Our NEC work-study students are passionate about music and everything about it! How many times have you heard the word diva used in opera these days? What are your thoughts on opera today? Jessica Rost, one of our very own Undergraduate NEC sopranos voices her opinion on the matter.
Opera News, “Sweet Sound of Freedom”
“It’s so difficult to define the word “diva” today in the opera world and outside of it.
In a recent Opera News interview, American soprano Sondra Radvanovsky explained her interpretation of the word. She claimed that in the past, “a diva was someone who threw fits, stomped out of rehearsals, had all these demands. But that’s not acceptable in this day and age. People who throw hissy fits get replaced.” There’s no room for those kind of divas anymore. Brilliance and humility are both expected.
As of late, being called a “diva” is something to be celebrated rather than ashamed of. Celebrities like Beyoncé have made being called “a diva” desirable. Divas are accomplished and they’ve “earned the right to be called ‘diva’ because of all the work [they’ve] done.”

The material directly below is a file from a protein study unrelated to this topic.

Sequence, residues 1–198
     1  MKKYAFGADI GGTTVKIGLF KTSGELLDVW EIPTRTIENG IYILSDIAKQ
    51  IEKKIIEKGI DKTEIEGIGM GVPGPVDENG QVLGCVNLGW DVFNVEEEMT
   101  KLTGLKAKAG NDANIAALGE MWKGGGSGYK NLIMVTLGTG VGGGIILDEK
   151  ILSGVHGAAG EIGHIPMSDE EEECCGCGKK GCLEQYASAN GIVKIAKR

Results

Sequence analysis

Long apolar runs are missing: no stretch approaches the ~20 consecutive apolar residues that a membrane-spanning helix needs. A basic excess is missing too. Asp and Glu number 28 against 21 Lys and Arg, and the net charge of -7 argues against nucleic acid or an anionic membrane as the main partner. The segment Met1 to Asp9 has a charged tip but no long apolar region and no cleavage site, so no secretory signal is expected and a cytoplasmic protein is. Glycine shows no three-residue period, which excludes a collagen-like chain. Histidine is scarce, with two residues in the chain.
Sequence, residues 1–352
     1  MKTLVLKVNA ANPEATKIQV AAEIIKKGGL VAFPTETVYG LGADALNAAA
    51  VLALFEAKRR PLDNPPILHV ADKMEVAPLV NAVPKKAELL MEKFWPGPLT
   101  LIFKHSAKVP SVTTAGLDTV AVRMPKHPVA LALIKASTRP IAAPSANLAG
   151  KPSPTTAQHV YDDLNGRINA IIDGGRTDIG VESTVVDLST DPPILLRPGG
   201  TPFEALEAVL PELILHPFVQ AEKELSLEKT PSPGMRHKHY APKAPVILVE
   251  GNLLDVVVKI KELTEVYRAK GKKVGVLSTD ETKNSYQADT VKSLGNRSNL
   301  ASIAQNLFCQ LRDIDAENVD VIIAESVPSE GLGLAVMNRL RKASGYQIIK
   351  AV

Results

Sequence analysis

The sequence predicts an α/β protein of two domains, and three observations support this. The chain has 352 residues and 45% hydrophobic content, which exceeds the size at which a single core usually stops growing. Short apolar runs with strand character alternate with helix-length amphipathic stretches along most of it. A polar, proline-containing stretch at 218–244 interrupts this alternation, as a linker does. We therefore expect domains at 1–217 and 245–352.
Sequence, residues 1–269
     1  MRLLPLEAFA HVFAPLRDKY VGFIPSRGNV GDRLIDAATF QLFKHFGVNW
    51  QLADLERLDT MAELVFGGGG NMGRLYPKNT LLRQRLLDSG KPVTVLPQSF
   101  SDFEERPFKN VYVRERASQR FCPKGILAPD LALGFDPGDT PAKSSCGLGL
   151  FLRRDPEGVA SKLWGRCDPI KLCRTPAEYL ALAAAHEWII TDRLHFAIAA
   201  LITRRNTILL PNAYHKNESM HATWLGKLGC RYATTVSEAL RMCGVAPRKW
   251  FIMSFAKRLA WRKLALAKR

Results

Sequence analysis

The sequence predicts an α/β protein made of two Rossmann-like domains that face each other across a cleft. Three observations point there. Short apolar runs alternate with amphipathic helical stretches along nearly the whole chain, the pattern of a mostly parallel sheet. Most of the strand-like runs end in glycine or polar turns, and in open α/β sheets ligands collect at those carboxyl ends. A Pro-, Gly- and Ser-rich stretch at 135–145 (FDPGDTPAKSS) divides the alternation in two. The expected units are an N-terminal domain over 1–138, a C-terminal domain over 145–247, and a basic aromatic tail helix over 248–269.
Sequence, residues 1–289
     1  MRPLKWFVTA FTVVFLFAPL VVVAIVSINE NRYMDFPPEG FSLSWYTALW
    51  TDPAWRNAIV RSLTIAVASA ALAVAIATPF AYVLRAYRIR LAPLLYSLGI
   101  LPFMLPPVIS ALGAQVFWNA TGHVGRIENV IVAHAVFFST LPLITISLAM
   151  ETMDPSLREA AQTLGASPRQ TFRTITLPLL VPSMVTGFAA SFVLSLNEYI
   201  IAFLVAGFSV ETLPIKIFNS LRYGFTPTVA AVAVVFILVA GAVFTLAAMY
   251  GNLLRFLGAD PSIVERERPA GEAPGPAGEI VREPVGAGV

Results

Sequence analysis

But why the shift in attitude all of a sudden? One could assume that performers are in fact more immature and selfish now with all the influences of young Hollywood destroying society. Does that make our generation more humble, or are directors just expecting professionalism now?
I leave you with the words of the beautiful Sondra Radnanovsky:
“I’m honored to be called a diva. I am. I work hard for that. I work very hard, I love what I do, and I am intensely passionate about it. If that’s being a diva, I am fine with it. But I refuse to be something that I’m not, or behave in such a way that creates an aura of me being untouchable. That’s not me.”
Thank God for modesty.
SCE Work Study
B.M. Vocal Performance ‘16
- Sondra Radvanovsky: an immensely effective singing actress! (operaorganic.wordpress.com)